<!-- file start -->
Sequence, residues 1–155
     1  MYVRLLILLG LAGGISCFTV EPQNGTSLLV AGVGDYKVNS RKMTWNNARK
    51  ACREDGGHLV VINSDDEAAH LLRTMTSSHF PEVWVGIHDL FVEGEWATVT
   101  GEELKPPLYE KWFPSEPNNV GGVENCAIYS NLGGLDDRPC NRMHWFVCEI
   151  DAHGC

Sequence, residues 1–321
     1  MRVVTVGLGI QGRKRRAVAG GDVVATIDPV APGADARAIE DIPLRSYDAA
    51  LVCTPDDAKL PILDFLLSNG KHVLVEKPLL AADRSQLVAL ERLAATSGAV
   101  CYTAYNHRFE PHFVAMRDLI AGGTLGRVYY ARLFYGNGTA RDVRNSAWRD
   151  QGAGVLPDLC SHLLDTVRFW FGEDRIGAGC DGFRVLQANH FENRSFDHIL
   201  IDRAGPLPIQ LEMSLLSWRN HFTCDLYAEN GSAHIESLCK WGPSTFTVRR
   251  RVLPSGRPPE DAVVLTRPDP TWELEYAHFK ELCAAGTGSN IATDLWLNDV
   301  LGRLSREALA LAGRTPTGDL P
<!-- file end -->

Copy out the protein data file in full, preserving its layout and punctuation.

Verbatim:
Sequence, residues 1–155
     1  MYVRLLILLG LAGGISCFTV EPQNGTSLLV AGVGDYKVNS RKMTWNNARK
    51  ACREDGGHLV VINSDDEAAH LLRTMTSSHF PEVWVGIHDL FVEGEWATVT
   101  GEELKPPLYE KWFPSEPNNV GGVENCAIYS NLGGLDDRPC NRMHWFVCEI
   151  DAHGC

Sequence, residues 1–321
     1  MRVVTVGLGI QGRKRRAVAG GDVVATIDPV APGADARAIE DIPLRSYDAA
    51  LVCTPDDAKL PILDFLLSNG KHVLVEKPLL AADRSQLVAL ERLAATSGAV
   101  CYTAYNHRFE PHFVAMRDLI AGGTLGRVYY ARLFYGNGTA RDVRNSAWRD
   151  QGAGVLPDLC SHLLDTVRFW FGEDRIGAGC DGFRVLQANH FENRSFDHIL
   201  IDRAGPLPIQ LEMSLLSWRN HFTCDLYAEN GSAHIESLCK WGPSTFTVRR
   251  RVLPSGRPPE DAVVLTRPDP TWELEYAHFK ELCAAGTGSN IATDLWLNDV
   301  LGRLSREALA LAGRTPTGDL P